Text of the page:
3. The vaunted Mac does have bugs, quirks, and issues. Before using the Mac Mini and OS X, I had the perception that Macs worked perfectly, or nearly so. I now believe that Macs have just as many issues as Windows PCs, but just in different areas and perhaps in less critical areas. The Apple forums are filled with all sorts of problems, so it didn't take me long to realize that my perception of Macs was not well grounded, and I ran into my own issues to prove the point. In my case, there were a few such issues that prevented me from continuing to use OS X. First, I learned that OS X doesn't seem to fully support Wake On LAN, at least not anymore. A WOL packet does seem to partially wake a sleeping Mac Mini, but it does not wake it fully, or does not wake the video card or displays. This means that if I enable sleep on the Mini, I can't send the WOL packet and connect remotely like I can with my Windows workstation. There might be some other solution, but I gave up looking. More critically, I found that when the Mini has been sleeping for a while, after it wakes, I am unable to login. I either see a black screen or the screen saver, and pressing the keyboard or using the mouse does nothing. I have to press the power button to try and get it to sleep and wake again (which occasionally works), or I have to hard reset the machine by holding the power button for several seconds. I found an Apple forum post that indicated that others had this issue, but it isn't clear if it is due to HDMI connections, monitor input selection, some other hardware factor, or an OS X bug. Regardless, with my monitors, I was having to hard reset the Mini every morning just to login, which is something I definitely don't have to do with my Windows 7 workstation. I suspect that Macbooks and iMacs probably don't have this issue, so it may be unique to the Mac Mini.
4. Font sizes are the deal killer. Even if everything worked perfectly with OS X and the three issues I've listed above were fully resolved, the one thing that appears to be unresolvable is the difference in font sizes between Mac and Windows. For technical reasons that are at the edge of my knowledge, a 14pt font on the Mac will look more like a 10pt font on Windows. A 10pt font on Windows will look more like a 7pt font on the Mac. Basically, all fonts end up being about 25-30% smaller on a Mac than they are on Windows. This means that if a client sends me a Word document in 10pt Arial, it's virtually unreadable on the Mac. I have to zoom to 130%-140% to make the document look like it does it Windows. If I save that document and send it back to a client, it opens at 130% on Windows and looks comically massive, and they then have to zoom out to read the document normally. This is a major problem for me, since it either constantly inconveniences me, or I end up inconveniencing my clients who all use Windows. For this issue, I don't believe there is any workaround. Due to the way fonts are rendered and sized in OS X and Windows, there is simply no way to make a Mac render fonts the same way that Windows does. This was the LAST thing that I would have expected to cause me to give up OS X. I thought it would be the user interface, or some critical app that wasn't available on OS X. Nope, it turned out to be fonts.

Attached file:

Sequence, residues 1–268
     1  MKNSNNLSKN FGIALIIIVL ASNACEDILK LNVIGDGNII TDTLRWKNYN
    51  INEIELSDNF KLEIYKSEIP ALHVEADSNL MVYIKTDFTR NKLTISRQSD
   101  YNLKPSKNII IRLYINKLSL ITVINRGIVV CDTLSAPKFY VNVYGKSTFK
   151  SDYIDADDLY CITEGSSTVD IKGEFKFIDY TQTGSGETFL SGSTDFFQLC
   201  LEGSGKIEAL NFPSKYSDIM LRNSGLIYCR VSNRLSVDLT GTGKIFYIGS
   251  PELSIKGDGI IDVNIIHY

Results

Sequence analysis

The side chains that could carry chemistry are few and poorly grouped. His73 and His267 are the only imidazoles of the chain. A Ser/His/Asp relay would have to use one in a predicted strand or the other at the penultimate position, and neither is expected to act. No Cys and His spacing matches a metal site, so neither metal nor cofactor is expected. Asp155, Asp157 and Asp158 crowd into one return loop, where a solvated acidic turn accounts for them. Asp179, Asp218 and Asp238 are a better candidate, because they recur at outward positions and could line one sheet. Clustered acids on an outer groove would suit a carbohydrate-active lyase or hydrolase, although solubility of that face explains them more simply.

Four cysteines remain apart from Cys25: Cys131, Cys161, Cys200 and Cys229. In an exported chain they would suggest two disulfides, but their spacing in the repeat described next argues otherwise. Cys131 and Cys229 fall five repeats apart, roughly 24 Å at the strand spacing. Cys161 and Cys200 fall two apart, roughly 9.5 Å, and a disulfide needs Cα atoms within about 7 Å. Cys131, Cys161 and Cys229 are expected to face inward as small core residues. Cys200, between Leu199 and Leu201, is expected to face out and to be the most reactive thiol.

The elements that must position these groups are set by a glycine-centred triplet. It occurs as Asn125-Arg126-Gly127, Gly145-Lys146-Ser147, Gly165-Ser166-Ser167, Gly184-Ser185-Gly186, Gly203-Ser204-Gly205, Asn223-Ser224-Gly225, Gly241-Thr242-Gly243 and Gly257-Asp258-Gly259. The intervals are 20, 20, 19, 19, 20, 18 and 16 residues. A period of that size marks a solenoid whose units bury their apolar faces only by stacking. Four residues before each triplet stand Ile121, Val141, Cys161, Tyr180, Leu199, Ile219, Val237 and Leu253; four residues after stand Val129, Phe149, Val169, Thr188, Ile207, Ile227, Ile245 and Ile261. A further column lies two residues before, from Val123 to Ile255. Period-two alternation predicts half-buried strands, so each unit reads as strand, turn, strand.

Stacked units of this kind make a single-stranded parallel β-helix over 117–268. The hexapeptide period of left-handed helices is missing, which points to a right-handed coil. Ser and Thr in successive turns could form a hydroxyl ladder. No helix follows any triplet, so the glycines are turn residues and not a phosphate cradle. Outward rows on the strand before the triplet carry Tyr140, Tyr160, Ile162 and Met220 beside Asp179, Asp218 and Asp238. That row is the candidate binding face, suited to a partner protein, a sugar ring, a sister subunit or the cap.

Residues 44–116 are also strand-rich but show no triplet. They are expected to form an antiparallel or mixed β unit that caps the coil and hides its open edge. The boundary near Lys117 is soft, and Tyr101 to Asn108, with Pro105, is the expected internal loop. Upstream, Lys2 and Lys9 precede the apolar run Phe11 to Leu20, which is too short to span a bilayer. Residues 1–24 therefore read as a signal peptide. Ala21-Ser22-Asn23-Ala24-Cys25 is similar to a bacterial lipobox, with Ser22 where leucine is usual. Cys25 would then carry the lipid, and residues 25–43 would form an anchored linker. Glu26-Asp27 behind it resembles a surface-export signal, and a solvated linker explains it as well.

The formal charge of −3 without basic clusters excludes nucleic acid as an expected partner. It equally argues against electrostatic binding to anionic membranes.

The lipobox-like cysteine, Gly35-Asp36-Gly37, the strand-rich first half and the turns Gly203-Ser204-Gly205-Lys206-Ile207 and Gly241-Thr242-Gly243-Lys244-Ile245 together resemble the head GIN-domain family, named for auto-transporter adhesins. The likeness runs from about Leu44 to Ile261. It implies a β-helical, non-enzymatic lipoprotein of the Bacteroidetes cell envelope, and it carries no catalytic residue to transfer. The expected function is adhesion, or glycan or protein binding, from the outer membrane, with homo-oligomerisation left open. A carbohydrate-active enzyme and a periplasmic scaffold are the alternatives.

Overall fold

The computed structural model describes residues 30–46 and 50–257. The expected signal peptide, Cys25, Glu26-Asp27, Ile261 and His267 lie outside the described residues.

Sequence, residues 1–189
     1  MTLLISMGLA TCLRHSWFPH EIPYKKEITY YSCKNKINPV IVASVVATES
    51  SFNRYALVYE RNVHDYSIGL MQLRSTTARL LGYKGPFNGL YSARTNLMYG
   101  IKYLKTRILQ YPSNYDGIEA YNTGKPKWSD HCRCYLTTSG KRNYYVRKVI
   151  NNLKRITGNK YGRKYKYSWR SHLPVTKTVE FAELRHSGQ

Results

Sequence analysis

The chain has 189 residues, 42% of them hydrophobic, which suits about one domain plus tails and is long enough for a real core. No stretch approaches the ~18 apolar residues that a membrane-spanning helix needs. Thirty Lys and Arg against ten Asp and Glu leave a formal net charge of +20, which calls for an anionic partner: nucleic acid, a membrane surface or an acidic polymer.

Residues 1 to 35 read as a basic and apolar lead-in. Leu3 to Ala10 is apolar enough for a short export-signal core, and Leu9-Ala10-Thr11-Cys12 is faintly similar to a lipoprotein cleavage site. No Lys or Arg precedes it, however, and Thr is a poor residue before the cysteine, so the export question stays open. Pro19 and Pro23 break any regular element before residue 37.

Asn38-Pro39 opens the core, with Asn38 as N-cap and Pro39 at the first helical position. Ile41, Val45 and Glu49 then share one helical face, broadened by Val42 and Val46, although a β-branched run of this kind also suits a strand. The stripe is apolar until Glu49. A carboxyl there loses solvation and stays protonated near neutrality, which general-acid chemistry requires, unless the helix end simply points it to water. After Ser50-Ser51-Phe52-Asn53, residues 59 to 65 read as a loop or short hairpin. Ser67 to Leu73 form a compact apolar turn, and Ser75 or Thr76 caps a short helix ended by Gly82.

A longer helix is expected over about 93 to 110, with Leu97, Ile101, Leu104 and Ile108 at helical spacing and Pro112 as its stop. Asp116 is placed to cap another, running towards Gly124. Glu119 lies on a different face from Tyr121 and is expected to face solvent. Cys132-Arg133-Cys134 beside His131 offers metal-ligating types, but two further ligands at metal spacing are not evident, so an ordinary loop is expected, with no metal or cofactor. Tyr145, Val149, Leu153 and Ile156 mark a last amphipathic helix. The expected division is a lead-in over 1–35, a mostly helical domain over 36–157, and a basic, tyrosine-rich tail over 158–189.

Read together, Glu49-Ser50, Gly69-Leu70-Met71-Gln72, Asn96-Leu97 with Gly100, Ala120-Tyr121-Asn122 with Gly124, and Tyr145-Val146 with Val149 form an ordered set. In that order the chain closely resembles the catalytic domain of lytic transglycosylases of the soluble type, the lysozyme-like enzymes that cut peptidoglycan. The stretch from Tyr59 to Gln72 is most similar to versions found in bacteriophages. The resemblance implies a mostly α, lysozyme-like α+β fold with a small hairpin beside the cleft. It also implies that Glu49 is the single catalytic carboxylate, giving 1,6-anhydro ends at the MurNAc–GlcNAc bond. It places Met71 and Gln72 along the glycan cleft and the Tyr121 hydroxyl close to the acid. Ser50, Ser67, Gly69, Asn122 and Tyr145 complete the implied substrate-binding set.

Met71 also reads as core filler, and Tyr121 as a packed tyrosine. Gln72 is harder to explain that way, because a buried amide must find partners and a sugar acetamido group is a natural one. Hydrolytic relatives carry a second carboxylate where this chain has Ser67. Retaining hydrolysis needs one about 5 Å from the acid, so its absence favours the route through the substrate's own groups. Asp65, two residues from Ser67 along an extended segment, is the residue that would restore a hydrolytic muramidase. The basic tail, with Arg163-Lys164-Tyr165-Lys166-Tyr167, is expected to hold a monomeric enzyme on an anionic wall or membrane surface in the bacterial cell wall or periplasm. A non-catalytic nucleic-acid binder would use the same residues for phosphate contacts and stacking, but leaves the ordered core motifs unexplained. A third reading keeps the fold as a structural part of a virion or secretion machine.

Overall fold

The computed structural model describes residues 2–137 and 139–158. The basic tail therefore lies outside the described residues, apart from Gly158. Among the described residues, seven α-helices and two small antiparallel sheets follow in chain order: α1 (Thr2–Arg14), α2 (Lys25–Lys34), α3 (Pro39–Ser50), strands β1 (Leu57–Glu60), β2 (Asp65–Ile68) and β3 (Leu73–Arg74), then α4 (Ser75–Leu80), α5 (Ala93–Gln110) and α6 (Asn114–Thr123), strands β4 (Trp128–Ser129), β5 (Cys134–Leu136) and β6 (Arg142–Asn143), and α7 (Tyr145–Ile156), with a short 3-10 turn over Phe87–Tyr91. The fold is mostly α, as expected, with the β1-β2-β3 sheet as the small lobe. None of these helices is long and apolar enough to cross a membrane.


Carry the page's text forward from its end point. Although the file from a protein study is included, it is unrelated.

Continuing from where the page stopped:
There are plenty of other pros and cons, and there are dozens of other requirements and considerations that I didn't cover, but those were just some of the prominent items that come to mind. For other roles, other purposes, other requirements, and other environments, OS X can probably be a great solution if you don't mind spending a lot more money on the hardware.
So, now that I've learned a little bit about OS X, I'm going to install a large SSD in the Mac Mini, install Windows 7, and get back to work. With that, I'll have the hardware of the Mini, with the Windows OS that works best for me.
Steve Endow is a Dynamics GP Certified Trainer and Dynamics GP Certified IT Professional in Los Angeles. He is also the owner of Precipio Services, which provides Dynamics GP integrations, customizations, and automation solutions.